Publisher’s note: This is one in a series of stories about affordable housing in the Lake Tahoe-Truckee region. All articles may be accessed via the home page under Special Projects, 2017 Affordable Housing.
By Kathryn Reed
A few dozen South Lake Tahoe residents have been removed from their affordable housing units so more tourist accommodation units can be erected for a project that isn’t even permitted.
The owners of Hotel Azure, who live in San Francisco, also own the mobile home park behind that property along Rufus Allen Boulevard. Today it is a skeleton of what was once a low key housing area. The trailer park has been vacant for about four months.
“There were only about six tenants left prior to closing. All were bought out at fair market value and agreed to sell,” Rich Bodine, director of operations for the hotel, told Lake Tahoe News.
Where they went is unknown.
The people living in the trailers were renting space from Azure, which used to be called Inn by the Lake.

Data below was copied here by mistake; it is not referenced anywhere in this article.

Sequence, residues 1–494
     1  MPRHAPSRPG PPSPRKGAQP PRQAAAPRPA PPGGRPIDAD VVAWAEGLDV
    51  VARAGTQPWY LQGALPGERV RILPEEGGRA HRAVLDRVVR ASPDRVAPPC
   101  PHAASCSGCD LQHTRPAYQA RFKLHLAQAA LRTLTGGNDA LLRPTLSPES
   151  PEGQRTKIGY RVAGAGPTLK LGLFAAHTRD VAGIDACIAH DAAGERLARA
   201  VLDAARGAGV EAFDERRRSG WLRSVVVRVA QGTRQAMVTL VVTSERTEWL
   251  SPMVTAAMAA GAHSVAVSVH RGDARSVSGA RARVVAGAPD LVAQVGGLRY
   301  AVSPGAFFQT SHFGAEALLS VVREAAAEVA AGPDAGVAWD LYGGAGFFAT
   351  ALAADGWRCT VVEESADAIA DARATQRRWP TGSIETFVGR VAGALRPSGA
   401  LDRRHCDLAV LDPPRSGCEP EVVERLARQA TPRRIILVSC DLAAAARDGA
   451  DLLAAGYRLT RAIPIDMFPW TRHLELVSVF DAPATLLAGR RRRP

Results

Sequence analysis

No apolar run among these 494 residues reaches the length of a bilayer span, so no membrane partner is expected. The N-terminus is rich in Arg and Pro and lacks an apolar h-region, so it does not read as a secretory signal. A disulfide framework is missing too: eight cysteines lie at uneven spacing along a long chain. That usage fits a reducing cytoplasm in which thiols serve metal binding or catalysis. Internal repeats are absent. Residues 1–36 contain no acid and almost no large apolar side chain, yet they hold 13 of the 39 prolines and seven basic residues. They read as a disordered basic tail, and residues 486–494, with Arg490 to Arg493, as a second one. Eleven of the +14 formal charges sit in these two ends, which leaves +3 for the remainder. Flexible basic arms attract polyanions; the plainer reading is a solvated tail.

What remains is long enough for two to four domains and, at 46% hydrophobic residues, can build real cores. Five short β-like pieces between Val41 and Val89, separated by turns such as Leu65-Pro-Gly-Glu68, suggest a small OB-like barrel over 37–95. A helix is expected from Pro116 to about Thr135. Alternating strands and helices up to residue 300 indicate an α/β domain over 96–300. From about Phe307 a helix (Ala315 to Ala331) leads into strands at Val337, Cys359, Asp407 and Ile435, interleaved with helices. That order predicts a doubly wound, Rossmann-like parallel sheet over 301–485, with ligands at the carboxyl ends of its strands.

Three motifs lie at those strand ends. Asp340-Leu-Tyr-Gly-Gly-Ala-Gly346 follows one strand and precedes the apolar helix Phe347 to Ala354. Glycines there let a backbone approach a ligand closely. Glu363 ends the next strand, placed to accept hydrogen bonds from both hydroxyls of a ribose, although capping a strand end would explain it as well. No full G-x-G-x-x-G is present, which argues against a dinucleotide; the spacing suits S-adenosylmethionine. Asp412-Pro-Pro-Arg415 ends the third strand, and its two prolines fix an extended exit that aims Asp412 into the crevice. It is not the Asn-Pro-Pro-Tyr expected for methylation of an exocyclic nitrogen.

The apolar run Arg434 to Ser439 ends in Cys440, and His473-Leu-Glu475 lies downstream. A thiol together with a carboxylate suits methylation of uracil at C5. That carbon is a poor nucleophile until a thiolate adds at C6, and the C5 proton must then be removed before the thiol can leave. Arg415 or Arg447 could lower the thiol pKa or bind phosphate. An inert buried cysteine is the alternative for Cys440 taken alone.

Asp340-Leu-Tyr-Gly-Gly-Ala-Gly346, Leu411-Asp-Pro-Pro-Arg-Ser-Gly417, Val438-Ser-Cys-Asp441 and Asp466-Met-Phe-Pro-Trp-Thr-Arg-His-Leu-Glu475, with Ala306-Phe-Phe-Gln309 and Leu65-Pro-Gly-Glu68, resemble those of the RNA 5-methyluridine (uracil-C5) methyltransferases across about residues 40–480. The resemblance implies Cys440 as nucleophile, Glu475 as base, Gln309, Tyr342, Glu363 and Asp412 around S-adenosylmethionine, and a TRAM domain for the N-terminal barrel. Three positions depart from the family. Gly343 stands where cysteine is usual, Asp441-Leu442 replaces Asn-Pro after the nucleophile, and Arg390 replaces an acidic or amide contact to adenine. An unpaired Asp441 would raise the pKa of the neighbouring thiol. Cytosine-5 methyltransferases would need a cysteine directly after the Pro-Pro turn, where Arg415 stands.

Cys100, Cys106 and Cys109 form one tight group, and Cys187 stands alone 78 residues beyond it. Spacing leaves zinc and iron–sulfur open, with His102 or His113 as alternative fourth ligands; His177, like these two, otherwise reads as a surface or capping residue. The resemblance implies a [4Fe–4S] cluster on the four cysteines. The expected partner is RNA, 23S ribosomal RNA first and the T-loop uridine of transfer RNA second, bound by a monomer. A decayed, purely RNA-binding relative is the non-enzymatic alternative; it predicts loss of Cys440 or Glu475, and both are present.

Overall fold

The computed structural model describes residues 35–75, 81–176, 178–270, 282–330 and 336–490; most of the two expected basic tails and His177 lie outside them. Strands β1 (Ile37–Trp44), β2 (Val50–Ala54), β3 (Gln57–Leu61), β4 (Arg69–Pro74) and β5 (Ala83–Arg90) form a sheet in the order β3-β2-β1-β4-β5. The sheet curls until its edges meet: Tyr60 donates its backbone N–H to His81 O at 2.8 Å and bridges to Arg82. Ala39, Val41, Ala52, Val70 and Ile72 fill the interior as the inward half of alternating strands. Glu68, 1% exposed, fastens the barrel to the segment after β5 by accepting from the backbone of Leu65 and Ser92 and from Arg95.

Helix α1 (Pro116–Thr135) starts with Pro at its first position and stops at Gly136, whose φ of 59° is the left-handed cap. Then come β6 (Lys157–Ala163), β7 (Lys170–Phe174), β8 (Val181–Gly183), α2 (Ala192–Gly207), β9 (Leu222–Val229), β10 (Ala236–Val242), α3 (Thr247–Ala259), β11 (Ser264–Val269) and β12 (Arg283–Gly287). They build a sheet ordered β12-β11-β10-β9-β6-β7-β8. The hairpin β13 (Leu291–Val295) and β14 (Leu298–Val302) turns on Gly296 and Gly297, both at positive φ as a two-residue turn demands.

The plan is to put tiny houses on that land. But instead of them being available for residents, they will be a variation on hotel lodging. They come premade and will be placed on a concrete slab.
“It will give them a sense of renting a home, but still have amenities of a hotel,” Bodine said. The company wants to compete with the Airbnbs of the world.
Bodine predicted everything will be in place by 2019. First up, he said, is getting the infrastructure in place.
Really, the first step is getting the permits.
According to Tom Lotshaw with the Tahoe Regional Planning Agency, “… in 2013 the owners of the mobile home park submitted an application to subdivide the existing mobile home unit spaced, but that application had issues and has been on hold ever since.”
The city doesn’t even know about these plans.
“The Development Services Department is not aware of the project and there is no pending application proposing such a project,” South Lake Tahoe planner John Hitchcock told Lake Tahoe News.
With no project even being considered by the regulatory agencies, that 2019 date could be farfetched, and it means local residents could have still been in their homes.